In developing his theme, Myers does not offer a linear, chronological account beginning with the Bible and ending with the early 21st Century. He develops his subject using five organizing themes each of which moves back and forth through various time period. The book thus has a patchwork approach but it explores Myers' basic position from a variety of perspectives and avoids the superficiality that would be the inevitable result of a linear history in a very short book.
The themes that Myers develops as "major animating forces of the Jewish past" are Names, Numbers, Cultures, Politics, and Perceptions, each of which is explored in a chapter. Each subject is stated in the plural to emphasize the diverse character of Jewish experience. The book focuses inevitably on Jewish identity, but a wise lesson of the book is that there are many inter-related Jewish identities and not one. The various chapters and concepts show different ways Jews have seen themselves and been seen through time and space. Anti-Semitism and persecution receive a great deal of attention as they must. But the book also shows the complex relationship between Jews and their host countries, both Christian and Muslim, in which Jews and their neighbors often lived in an uneasy harmony and in which Jews received a measure of protection from the political and religious leadership of the places in which they lived. The book offers a nuanced account in the way it shows both acculturation/assimilation and anti-Semitism as contributing to Jews sense of themselves and to their survival over millennia.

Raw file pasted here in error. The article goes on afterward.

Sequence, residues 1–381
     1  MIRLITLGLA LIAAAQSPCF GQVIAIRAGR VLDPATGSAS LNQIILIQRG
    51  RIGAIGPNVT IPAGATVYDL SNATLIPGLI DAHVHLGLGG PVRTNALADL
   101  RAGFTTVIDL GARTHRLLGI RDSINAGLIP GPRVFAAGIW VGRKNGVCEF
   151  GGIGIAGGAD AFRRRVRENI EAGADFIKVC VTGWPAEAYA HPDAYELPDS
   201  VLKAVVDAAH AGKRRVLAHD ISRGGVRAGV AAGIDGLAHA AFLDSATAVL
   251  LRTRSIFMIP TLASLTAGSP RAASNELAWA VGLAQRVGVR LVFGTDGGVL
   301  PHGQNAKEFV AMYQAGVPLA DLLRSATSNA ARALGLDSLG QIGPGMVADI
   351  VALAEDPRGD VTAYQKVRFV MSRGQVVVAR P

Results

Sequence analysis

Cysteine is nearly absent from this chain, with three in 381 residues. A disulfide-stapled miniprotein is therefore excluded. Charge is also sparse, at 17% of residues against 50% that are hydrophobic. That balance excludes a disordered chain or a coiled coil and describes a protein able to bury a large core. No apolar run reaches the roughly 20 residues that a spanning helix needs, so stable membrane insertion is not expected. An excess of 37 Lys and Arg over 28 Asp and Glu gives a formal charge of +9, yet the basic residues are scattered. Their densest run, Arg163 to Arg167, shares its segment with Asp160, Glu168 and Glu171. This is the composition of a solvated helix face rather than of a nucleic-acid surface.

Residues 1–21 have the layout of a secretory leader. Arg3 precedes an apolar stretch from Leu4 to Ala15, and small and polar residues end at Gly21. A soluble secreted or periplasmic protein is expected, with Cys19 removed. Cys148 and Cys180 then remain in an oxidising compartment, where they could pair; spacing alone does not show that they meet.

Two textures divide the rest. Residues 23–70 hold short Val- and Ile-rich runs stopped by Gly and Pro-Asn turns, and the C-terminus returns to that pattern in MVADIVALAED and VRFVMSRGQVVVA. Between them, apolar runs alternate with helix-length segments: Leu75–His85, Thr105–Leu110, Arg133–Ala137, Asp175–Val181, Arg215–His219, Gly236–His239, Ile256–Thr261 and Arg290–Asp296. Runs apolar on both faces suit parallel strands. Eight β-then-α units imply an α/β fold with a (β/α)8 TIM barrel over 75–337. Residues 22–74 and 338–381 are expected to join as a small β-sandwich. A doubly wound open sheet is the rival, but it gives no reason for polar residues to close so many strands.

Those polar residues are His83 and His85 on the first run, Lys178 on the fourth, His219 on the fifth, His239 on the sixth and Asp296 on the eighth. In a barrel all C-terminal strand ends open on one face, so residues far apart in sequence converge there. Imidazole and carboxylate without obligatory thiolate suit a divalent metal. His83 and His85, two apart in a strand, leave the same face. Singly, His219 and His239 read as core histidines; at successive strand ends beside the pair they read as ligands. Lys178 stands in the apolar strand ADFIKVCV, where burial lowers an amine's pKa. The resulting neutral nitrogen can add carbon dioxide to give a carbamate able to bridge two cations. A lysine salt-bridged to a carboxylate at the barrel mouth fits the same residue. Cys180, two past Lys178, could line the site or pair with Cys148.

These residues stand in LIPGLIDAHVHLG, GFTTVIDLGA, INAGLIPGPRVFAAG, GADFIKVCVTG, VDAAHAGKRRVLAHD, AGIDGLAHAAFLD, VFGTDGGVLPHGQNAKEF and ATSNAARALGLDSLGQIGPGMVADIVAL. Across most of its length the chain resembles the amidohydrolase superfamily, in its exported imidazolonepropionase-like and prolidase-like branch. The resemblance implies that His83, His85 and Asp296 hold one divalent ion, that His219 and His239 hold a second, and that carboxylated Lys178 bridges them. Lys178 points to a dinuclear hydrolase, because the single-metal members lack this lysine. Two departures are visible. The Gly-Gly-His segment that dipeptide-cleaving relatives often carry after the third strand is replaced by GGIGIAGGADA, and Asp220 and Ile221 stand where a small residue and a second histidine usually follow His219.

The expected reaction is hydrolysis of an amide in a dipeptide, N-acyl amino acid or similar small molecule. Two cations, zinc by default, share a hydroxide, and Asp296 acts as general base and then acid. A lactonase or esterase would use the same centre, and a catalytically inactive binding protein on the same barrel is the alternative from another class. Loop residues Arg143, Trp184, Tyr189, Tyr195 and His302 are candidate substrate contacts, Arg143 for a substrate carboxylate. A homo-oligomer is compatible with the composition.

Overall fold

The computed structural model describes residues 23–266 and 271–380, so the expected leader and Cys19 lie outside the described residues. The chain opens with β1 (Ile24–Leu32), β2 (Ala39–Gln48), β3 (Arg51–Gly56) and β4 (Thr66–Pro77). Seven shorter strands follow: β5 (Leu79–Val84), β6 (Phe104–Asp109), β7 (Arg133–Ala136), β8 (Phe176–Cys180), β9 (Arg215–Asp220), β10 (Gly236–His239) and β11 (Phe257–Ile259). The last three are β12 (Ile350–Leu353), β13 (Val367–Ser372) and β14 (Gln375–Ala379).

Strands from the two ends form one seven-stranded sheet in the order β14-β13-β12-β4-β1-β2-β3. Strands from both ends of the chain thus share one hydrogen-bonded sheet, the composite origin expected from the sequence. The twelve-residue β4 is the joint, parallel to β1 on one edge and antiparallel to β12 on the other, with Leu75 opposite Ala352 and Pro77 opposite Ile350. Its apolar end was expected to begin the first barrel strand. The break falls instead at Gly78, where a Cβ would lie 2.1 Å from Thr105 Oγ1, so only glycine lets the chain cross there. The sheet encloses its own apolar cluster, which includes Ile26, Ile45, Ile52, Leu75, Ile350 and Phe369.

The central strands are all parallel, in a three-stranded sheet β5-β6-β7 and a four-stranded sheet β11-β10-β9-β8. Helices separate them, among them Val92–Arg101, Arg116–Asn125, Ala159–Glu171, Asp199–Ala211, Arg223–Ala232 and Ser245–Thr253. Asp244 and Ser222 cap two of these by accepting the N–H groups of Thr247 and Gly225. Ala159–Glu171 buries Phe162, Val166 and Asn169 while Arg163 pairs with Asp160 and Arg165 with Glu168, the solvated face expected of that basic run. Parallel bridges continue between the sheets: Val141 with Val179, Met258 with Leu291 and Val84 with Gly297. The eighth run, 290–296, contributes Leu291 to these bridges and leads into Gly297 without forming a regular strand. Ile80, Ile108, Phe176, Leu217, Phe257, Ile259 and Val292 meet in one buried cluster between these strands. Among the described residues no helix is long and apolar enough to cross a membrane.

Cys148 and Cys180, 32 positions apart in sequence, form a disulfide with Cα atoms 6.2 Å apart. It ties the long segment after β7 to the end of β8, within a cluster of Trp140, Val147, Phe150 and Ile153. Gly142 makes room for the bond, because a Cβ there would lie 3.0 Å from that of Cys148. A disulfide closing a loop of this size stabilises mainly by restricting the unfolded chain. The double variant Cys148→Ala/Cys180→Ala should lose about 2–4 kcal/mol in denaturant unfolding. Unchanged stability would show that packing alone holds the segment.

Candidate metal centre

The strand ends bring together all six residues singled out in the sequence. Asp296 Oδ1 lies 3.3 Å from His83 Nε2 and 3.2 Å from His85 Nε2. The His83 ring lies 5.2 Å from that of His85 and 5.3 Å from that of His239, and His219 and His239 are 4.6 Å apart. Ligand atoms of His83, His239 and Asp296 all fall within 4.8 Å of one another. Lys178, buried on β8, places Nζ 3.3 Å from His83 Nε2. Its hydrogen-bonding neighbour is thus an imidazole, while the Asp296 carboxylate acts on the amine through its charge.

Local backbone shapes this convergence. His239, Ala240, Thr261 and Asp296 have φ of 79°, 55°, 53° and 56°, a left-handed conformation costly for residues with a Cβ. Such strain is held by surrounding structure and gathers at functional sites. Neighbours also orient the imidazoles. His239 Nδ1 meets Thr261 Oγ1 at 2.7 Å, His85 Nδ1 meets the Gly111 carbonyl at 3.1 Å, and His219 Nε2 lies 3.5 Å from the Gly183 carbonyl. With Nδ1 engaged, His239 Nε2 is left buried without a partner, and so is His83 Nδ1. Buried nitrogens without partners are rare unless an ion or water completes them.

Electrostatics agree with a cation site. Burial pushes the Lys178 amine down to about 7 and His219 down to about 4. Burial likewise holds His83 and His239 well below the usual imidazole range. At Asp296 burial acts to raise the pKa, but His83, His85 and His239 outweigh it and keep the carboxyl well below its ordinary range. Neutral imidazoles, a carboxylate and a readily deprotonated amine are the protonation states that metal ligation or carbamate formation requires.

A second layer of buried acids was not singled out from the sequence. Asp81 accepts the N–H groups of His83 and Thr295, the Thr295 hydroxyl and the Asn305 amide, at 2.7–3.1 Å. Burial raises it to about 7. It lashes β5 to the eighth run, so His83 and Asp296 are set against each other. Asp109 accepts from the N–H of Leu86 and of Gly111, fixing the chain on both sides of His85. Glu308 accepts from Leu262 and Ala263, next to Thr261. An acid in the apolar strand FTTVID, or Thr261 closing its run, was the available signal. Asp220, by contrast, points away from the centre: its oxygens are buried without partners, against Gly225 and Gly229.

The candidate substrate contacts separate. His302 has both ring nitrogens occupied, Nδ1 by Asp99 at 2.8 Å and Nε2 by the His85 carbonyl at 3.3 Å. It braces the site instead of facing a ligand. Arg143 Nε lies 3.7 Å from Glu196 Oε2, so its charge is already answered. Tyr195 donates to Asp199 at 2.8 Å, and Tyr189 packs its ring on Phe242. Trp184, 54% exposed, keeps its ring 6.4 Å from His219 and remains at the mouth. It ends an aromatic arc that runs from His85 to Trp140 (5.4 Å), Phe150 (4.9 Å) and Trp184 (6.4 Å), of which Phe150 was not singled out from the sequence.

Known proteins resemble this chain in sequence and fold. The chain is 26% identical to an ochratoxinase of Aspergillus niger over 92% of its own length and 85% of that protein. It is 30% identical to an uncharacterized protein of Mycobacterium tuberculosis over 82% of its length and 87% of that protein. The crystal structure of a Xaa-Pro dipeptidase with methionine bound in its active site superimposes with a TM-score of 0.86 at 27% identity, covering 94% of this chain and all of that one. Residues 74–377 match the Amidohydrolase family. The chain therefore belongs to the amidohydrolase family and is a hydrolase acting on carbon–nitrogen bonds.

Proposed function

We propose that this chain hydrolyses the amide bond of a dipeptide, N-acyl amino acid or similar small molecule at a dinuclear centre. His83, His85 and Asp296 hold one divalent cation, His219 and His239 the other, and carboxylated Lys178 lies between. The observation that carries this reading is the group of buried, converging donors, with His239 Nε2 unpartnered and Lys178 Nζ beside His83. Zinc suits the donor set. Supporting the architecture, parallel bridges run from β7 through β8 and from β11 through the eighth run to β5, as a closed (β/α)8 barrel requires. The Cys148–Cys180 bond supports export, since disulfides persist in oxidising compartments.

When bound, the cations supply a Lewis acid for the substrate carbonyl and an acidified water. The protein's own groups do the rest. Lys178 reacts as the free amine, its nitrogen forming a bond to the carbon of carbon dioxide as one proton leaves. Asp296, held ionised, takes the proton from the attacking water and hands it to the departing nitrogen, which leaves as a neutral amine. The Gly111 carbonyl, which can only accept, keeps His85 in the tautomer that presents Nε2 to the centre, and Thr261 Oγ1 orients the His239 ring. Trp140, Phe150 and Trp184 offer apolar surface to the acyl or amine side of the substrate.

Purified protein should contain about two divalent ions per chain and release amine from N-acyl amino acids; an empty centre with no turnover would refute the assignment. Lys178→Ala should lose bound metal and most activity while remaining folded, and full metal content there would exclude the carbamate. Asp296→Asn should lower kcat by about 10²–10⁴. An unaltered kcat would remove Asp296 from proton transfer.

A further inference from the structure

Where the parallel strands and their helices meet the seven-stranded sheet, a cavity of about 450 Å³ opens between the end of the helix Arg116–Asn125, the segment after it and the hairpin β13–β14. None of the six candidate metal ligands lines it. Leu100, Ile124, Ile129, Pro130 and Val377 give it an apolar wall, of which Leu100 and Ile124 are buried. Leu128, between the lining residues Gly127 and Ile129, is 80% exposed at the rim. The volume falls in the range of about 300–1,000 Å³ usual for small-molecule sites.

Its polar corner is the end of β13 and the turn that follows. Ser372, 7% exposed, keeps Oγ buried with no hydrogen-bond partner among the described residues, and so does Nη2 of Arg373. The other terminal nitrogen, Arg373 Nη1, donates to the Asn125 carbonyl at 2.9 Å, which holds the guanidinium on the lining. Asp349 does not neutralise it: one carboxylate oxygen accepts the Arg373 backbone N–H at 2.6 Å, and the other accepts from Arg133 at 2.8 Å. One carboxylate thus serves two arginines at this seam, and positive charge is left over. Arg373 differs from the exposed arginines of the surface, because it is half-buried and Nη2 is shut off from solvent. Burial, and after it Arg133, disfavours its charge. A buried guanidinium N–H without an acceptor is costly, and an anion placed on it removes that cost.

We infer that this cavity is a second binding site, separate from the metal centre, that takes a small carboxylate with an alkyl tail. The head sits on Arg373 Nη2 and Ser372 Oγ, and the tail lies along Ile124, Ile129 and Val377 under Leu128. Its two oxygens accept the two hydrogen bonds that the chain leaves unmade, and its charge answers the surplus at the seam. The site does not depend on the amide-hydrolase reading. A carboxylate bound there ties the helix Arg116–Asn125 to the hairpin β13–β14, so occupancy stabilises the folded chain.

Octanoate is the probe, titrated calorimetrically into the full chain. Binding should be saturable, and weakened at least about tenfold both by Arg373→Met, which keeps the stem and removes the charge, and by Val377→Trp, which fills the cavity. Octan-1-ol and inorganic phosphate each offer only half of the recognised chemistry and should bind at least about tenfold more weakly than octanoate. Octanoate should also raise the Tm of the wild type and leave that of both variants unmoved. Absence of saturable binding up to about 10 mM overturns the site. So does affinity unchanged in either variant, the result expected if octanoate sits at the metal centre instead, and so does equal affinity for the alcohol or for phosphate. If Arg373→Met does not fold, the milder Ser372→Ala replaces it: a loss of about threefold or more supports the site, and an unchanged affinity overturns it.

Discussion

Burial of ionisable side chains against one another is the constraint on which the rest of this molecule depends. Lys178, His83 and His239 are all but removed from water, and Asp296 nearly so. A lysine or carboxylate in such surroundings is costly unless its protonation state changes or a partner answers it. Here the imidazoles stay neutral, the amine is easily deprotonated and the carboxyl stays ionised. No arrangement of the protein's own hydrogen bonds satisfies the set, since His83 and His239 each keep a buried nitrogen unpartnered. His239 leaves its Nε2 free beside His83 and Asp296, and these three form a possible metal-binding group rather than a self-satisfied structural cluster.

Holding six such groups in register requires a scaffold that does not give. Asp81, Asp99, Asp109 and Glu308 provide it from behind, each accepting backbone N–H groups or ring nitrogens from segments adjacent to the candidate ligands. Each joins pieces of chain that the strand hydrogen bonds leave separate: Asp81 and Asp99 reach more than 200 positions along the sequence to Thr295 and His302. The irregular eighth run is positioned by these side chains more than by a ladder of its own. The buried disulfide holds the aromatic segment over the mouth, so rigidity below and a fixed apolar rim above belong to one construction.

The book shows the forces of integration and separateness at work beginning with the Babylonian Exile. I particularly liked the discussion at various places in the book of the Greek Jewish philosopher Philo who in his writings attempted an early synthesis between Greek thought and Jewish Biblical texts. Among other things, Myers offers good if brief discussions of Spinoza and of the later Enlightenment thinker, Moses Mendelssohn.
In the chapter of the book dealing with politics, Myers offers competing communal and individualistic pictures of contemporary Jewish identity. He describes the individualistic picture, following other scholars, as the issue of the "sovereign self". Myers explains that the "sovereign self" is
"the typical Jewish individual who decides on her life path without excessive fealty to the weight of the past or to established communal institutions. This form of 'sovereignty' rests on the proposition that there are many portals, not just one, through which to enter into Jewishness-- and that the decision rests entirely in the hands of the individual."
Myers contrasts the "sovereign self" view, which tends to be rooted in the United States with a communal view of Jewish identity, which tends to be rooted in Israel. He points to both the tension and the interrelationship in these two competing views of Jewish identity I found the discussion valuable.